Flotsam and Jetsam

On Sunday I gave a sermon about the life of Rev. John Murray and why I am a Universalist. I wrote the following paragraph and decided to unpack it a bit further.

“I am a Universalist because I believe in this love–this stream of well-being that flows through the universe as an undercurrent to all else that happens. This love is constant. All else is transient flotsam and jetsam on the surface. It will pass and even if we become entangled in the flotsam for awhile, the love that surges through the universe is ever present to see us clear.”

In my best moments, I can say with about as much surety as I know that the earth’s gravity will keep me within its power of influence, that all is truly well. I observe the birds chirping their morning songs in the pecan trees outside my Ellisville house. I note the figs developing in the shade of the fig leaves along side the old red barn. I watch the red tail hawk swoop down to catch the unsuspecting or perhaps very suspecting but paralyzed in fear rodent in the fields. Life is good. It flows on in its cycle and the human animal is part and parcel to this unending cycle.  And I rejoice in being witness to it all and even excited about my role in its unfolding.

I enjoy, really enjoy, the animal planet show, Meerkat Manor. The writers of the show have given human characteristics, motives and emotions, to the actions and behaviors of these animals living in social groupings. They are afraid and wary of the others who are not members of their small village. They will war on their neighbors if they encroach too close to their marked territory. They will have jealousies and fights between themselves.  They will exclude and expel members who do not behave or threaten to disrupt the order of things.  And they will come together and fight in unison against an outside threat such as a cobra slithering nearby in the hope for a fledgling meerkat for a meal. 

meerkat photographer

Now maybe all this anthropomorphism is a bit over done.  But it does serve its purpose at least in my watching this show and reflecting on human behavior.  We do the same, don’t we?   For all our increased intelligence, we do the same.   We have our bitter jealousies and rivals within our communities.  We tend to be wary of the stranger who moves into our neighborhood; especially if they have a different culture to our own.  Culture here being defined as different religion, different political affiliation, and different understanding of our common values; not excluding those who come from foreign countries but our wariness is acutely attuned to the subtleties as well as the obvious.   And we war against perceived threats from within as well as without our country. 

Yet, what we see as cute and even adorable in the meerkat family we see as atrocious in our human family. This is the flotsam and jetsam in our lives.  It is the allowing our focus to be turned to the animal behaviors we do and responding from this animal base.   Some people have called it the reptile mind; that core almost instinctual place in our brains.  If activitated no amount of reason or logic can break through it until the person does what the person is driven to do, and then if we are fortunate, we laugh about the action and forgive each other for stooping so low later.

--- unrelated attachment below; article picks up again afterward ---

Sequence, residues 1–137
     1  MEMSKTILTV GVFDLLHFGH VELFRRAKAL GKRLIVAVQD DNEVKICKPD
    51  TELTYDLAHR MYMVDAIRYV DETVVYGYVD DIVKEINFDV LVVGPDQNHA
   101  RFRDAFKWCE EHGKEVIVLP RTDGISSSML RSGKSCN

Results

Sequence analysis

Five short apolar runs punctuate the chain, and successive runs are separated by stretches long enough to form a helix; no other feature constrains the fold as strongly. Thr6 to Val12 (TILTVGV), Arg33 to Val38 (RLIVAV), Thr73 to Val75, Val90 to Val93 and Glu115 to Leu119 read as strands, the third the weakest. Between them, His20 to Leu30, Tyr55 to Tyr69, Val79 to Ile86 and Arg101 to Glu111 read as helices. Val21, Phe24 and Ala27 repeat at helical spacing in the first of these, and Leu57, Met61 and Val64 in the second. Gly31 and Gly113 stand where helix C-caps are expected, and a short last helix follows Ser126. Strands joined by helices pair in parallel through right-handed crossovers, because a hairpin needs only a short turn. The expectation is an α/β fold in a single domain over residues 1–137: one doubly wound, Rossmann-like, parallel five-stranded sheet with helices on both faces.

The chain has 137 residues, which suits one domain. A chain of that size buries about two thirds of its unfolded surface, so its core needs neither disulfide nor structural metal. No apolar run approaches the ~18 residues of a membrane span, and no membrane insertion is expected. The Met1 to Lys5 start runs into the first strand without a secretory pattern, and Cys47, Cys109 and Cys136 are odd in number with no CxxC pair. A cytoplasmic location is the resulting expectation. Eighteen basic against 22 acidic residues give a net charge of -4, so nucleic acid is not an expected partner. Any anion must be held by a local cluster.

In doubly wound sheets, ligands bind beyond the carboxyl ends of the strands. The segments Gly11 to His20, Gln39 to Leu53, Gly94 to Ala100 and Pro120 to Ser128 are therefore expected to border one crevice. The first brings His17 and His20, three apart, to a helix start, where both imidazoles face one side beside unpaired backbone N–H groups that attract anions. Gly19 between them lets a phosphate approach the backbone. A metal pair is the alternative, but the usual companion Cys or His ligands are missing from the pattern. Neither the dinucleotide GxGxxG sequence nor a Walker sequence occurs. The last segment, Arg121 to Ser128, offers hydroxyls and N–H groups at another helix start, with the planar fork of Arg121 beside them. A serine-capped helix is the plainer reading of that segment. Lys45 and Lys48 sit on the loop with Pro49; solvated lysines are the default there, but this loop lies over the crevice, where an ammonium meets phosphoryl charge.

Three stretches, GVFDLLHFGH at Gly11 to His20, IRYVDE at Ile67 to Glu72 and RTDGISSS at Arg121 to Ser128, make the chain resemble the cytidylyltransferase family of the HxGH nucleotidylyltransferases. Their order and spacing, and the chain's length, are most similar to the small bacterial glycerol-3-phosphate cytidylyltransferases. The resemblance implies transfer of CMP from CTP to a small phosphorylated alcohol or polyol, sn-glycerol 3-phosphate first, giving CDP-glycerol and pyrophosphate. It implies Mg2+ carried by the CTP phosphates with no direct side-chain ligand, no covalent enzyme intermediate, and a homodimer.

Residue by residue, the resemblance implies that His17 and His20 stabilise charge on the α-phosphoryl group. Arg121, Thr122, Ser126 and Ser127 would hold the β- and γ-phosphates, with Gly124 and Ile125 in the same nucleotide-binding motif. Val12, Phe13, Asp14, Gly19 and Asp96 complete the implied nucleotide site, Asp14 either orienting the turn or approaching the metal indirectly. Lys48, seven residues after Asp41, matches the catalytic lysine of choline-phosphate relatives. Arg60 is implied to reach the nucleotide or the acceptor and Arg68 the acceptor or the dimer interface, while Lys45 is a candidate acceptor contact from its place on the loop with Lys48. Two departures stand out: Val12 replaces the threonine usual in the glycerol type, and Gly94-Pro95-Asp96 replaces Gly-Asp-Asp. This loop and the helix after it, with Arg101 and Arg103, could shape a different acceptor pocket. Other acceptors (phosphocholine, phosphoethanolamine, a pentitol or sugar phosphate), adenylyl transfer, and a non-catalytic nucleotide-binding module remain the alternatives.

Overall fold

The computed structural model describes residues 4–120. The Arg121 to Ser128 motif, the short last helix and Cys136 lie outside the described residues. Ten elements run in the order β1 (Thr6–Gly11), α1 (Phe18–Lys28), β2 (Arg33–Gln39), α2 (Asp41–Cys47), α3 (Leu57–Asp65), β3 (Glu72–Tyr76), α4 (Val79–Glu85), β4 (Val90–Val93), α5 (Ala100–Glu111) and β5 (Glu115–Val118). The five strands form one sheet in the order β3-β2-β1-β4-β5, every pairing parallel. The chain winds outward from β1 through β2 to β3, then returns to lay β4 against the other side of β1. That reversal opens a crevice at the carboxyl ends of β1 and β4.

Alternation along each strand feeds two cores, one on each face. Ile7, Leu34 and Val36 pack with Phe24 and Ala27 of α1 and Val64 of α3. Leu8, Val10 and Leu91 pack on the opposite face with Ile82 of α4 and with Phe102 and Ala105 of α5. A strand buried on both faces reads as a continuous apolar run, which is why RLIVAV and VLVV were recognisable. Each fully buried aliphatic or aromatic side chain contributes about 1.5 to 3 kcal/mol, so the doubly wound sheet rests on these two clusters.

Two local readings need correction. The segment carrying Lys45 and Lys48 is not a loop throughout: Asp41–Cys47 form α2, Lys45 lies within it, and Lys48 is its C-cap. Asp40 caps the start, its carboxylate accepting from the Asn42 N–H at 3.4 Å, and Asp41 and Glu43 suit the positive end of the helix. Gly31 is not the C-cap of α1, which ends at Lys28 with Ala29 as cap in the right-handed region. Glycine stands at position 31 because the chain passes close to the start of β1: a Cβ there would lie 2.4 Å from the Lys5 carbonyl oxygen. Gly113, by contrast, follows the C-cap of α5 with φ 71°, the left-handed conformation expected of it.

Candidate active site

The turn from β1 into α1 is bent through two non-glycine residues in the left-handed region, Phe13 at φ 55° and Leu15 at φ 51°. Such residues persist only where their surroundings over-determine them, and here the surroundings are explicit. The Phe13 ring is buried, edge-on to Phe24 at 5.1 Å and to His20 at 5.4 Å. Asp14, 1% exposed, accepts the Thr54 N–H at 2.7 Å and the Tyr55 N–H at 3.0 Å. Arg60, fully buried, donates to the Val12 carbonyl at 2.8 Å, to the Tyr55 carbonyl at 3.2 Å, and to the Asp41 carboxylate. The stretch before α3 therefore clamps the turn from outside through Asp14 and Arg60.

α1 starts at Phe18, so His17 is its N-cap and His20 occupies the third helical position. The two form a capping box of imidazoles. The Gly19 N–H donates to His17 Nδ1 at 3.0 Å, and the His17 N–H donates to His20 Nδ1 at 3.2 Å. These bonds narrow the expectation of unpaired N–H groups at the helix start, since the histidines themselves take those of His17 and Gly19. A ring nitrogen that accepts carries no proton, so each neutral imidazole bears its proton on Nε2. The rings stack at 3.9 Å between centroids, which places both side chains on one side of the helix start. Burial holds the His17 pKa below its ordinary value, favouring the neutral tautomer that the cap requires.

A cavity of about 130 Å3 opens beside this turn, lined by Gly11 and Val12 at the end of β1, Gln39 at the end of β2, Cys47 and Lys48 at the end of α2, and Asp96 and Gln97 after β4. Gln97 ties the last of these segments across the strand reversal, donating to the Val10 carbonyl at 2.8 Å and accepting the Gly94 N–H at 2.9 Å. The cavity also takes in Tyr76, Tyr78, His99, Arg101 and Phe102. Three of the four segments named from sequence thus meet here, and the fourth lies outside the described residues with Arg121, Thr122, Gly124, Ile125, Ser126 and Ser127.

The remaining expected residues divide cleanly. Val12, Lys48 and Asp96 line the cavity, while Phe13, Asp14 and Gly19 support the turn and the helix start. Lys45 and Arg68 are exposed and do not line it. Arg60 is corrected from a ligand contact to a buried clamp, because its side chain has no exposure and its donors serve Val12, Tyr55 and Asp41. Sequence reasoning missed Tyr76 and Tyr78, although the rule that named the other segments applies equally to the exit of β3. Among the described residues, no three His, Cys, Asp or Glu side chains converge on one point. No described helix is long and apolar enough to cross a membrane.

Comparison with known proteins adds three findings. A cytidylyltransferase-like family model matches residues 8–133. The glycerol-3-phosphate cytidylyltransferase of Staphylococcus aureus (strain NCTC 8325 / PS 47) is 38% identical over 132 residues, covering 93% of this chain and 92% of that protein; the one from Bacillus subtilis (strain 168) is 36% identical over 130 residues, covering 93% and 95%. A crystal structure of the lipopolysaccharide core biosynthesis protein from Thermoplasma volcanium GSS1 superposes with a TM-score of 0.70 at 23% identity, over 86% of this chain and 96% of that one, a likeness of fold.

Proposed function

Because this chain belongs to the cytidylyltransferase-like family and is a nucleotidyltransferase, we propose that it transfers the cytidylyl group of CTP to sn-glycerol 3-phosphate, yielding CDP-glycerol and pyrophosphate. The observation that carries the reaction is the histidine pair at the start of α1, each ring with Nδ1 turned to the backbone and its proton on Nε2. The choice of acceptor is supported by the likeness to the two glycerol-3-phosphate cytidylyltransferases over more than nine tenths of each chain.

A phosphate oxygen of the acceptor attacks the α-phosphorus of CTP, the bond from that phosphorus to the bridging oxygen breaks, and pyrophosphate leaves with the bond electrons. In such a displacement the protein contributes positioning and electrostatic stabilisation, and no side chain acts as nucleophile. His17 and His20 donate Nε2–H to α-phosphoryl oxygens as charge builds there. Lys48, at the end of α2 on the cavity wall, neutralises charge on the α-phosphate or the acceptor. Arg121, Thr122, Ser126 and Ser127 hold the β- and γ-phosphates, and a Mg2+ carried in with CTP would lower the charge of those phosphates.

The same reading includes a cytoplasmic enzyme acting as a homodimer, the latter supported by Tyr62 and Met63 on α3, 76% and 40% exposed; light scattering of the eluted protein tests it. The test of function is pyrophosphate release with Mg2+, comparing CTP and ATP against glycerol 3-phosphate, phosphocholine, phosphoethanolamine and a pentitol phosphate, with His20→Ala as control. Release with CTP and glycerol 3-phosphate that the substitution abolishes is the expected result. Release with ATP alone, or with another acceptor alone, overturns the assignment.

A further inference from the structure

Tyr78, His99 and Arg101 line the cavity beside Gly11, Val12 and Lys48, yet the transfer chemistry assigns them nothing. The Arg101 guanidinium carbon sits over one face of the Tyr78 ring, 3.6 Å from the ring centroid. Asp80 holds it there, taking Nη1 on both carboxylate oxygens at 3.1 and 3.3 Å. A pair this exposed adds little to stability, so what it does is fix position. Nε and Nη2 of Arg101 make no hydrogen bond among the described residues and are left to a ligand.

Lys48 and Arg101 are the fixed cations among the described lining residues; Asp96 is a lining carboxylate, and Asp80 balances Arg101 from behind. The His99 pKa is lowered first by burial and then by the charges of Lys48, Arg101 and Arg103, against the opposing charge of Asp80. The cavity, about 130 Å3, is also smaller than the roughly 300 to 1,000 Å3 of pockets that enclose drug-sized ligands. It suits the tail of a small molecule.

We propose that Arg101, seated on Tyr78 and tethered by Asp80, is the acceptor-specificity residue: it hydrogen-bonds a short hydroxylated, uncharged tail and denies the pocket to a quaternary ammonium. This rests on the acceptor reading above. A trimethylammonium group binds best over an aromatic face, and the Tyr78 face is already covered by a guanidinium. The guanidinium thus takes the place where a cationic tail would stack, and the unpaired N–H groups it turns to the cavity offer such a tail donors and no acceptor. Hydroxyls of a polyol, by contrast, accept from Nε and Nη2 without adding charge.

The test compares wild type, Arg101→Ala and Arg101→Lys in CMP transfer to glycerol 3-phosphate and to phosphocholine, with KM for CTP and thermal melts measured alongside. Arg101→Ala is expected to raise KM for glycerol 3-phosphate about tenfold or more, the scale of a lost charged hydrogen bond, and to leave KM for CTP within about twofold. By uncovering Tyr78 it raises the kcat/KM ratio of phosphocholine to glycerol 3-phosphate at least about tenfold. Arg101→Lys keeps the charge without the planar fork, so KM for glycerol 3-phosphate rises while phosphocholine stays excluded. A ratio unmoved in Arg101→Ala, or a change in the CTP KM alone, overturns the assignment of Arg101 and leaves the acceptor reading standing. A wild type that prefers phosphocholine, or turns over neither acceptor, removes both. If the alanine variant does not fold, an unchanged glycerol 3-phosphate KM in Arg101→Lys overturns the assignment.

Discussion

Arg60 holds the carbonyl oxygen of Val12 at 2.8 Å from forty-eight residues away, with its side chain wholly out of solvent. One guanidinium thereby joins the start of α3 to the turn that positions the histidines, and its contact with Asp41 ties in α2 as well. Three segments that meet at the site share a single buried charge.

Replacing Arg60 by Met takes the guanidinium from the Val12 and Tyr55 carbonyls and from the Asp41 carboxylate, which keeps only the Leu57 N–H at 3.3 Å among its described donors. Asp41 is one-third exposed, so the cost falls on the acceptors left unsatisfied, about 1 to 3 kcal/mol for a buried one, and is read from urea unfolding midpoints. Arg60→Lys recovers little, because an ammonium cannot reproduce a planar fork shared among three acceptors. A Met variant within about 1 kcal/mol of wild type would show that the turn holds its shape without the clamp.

The question that remains for me in my observing all of this is what is the role of religion if it is not to help our spiritualities to relax into the stream of well-being that is constant in our lives?  It does not negate that the flotsam and jetsam of human animal behaviors and actions exist but it could help mitigate the intensity in which we respond to those events that switch on the reptilian brain.  

From where I sit in my current understandings, Unitarian Universalism is one of the faiths that could aid in this process.  We have our own flotsam and jetsam that we get hung up on but our current principles that we seek to uphold are bent along that arc of love towards justice.  Our faith includes the willingness to examine the wisdom of the world religions to find aquaducts to that universal current of love that interconnects us all.  This seems to me, to be a noble start. 

The proclaiming of one true faith only is trajecting us into the nets of the flotsam and jetsam in our lives.  It causes an increased tension between us.  It triggers the reptilian mind.  Many faiths proclaim being the one true faith, so I am not only referring to Christianity, though this phrase is most commonly associated to it.  The notion of universalism as I understand it in the 21st century, is one that recognizes the spirit of love that is flowing for all of us.  We all have access to it.  But for us to fully enjoy this river of love, we must be willing to practice our swimming daily.  And swimming will help us swim around the flotsam and jetsam of our base behaviors.  Blessings, Rev. Fred L Hammond           

Published in: on May 12, 2008 at 4:15 pm  Comments Off on Flotsam and Jetsam  
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